For our Kuwaiti meal I cooked only enough for my immediate family (sorry neighbors). I made chicken with lemon with a side of cold spinach and yogurt salad.
Chicken With Lemon
1/2 – 3/4 cup oil (half canola and half olive)
2/3 cup lemon juice
2 TBSP thyme
1 tsp garlic powder
Mix all the marinade ingredients together. Marinade chicken for 1 hour or over night. Place chicken in baking dish and bake for 1 hour at 350 degrees. Then broil 15 minutes or until golden.
Cold Spinach and Yogurt Salad
1/2 lb spinach
2 TBSP lemon juice
1 tsp onion, finely grated
1/2 tsp salt
1 cup plain yogurt
1 TBSP fresh mint, finely cut or 1 tsp dried mint
Wash spinach under cold water running water. Drain, then strip the leaves from the stems.
In a pot, bring water to a boil. Add spinach, reduce heat to low, and simmer, tightly covered, for about 10 mintues. Drain spinach in sieve, cool to room temperature and squeeze it completely dry. Chop finely.
In a bowl, combine spinach, lemon juice, onion, salt and pepper. Toss the mixture and stir in the yogurt and mix thoroughly.
Refrigerate for 1 hour or until chilled. Sprinkle with mint.
Friday, March 12, 2010
During the Vietnam War my dad, an Air Force Captain, was assigned to an Air Force base in Kwangju, Korea for a 13-month tour. I was a baby and my mother, who had never left the United States, insisted we join him.
Kwangju was remote and difficult to get to because of bad roads and primitive surroundings. It was only 250 miles south of Seoul but years behind. My mother was told by my father’s boss not to come and he made it clear that there was no authorized housing available for American dependents on the base and there was no commissary.
Many of my mother’s friends and relatives thought she was nuts for wanting to accompany my dad, especially with a baby, to a remote part of Asia. But South Korea was friendly with the United States and it eagerly promoted tourism. My mother discovered the presence of missionaries there and found that there was a good-sized community of American Presbyterians living in Kwangju and that they often provided housing to Americans staying in the area.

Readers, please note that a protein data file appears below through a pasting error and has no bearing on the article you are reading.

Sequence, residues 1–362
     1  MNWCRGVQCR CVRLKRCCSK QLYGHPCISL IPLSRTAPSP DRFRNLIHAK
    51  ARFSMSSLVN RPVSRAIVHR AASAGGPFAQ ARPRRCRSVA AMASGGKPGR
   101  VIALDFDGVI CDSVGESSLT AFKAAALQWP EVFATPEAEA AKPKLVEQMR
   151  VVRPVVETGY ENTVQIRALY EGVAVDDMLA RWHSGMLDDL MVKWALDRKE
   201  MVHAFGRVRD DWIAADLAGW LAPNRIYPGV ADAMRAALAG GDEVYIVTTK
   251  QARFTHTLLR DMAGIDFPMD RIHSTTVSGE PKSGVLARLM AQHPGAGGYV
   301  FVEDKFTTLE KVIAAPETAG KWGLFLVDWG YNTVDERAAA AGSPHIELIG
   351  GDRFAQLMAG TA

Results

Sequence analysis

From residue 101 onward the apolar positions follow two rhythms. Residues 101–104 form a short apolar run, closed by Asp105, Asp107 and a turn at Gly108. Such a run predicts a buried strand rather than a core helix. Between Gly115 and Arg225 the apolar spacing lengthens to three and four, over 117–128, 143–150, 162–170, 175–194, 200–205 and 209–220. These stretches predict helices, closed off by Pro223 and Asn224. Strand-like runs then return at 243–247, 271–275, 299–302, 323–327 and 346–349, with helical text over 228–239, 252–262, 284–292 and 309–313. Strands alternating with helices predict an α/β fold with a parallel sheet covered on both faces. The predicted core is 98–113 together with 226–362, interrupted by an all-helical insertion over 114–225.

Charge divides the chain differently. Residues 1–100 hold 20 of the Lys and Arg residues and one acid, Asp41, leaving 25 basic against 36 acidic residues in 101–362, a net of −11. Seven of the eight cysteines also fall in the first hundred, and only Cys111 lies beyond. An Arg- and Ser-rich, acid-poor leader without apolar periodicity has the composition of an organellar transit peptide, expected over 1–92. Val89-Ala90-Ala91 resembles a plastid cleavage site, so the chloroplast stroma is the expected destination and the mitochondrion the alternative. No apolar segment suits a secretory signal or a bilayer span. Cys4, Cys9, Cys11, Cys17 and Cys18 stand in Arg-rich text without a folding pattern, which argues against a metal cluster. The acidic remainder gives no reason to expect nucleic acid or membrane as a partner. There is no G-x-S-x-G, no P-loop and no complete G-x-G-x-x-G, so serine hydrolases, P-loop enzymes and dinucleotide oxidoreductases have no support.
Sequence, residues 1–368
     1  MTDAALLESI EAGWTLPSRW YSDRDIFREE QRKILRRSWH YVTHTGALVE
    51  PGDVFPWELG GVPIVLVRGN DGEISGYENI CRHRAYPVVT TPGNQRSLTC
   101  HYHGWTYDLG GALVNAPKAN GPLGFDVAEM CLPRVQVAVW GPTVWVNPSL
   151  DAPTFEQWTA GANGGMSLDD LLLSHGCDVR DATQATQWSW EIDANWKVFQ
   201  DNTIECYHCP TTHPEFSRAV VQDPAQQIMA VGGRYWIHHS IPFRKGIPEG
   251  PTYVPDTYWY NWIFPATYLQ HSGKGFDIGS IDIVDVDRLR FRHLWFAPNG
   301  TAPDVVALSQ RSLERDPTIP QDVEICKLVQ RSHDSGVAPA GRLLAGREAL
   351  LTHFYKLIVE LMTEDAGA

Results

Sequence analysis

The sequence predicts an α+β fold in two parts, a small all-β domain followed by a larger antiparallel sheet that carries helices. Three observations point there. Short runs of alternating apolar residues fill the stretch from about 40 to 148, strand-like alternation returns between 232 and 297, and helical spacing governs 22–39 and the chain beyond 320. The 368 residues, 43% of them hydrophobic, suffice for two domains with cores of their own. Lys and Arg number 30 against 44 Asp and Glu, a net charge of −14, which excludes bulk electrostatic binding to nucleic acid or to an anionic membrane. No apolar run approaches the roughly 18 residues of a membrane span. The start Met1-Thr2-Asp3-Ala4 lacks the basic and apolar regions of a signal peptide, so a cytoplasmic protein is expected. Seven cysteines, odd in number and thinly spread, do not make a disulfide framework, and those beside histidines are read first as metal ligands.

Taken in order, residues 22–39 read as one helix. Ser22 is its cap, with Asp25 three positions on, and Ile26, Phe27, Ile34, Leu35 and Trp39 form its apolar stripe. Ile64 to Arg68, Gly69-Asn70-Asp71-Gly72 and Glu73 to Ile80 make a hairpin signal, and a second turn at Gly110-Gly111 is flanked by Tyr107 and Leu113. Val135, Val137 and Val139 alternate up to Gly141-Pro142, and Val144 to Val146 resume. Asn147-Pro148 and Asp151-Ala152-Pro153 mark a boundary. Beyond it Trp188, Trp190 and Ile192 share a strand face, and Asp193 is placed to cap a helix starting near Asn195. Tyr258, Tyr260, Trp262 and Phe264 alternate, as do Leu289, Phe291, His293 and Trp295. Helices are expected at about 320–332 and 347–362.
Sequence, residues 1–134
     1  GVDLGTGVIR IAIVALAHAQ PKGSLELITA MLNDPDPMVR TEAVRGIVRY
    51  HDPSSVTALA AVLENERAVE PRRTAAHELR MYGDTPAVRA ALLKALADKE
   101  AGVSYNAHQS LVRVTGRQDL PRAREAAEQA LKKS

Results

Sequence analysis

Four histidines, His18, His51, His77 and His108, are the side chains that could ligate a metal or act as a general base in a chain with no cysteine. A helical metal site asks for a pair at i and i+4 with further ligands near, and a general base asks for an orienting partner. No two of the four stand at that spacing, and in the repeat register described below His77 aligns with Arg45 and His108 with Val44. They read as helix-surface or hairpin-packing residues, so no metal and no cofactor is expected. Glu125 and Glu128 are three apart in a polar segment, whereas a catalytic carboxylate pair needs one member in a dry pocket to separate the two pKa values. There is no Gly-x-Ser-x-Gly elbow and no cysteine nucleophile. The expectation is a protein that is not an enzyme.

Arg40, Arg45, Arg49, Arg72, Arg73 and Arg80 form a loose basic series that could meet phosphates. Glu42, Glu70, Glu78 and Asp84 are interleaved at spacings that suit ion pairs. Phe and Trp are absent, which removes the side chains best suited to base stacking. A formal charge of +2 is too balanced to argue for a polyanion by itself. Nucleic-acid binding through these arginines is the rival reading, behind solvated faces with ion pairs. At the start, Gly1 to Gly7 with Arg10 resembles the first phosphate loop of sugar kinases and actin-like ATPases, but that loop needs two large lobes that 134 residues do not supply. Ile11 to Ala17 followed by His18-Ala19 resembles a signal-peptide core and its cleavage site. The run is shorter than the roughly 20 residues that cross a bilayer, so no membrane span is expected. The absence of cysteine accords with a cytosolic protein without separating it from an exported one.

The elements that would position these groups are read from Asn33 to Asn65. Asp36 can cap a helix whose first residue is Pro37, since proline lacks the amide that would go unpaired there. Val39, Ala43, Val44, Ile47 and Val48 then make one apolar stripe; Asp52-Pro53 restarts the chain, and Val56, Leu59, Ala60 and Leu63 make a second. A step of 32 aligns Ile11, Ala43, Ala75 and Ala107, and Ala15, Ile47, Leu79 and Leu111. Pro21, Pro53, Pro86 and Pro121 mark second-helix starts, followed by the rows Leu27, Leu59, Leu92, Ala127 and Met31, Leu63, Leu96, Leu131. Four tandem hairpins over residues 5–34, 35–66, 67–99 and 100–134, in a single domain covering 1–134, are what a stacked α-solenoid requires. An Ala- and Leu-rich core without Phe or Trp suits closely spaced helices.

My father left for Korea to begin his assignment and to make the final arrangements for our housing. He then wrote to my mother and told her to “come on over” and my mom and I embarked upon our adventure. Since my mother wasn’t authorized to ship household goods, she had to figure out how to pack everything we needed for a year into 44 pounds of luggage.
The arrival in Korea, the reunion with my dad, and a sightseeing weekend in Seoul brought on a sense of euphoria for my mom who had dreamed of traveling since she was a little girl. But that ended abruptly when we flew over endless patterns of rice paddies and mountains and landed in Kwangju. Reality set in and it was time to begin making a life there.
The year in Korea turned out to be a rich and memorable experience (for my parents – not for me as much since I was a baby). The move there had set us on a course; it was the beginning of many more adventures living in different countries all over the world. It was Korea that gave my parents a taste of the life-style that made them decide to join the Foreign Service.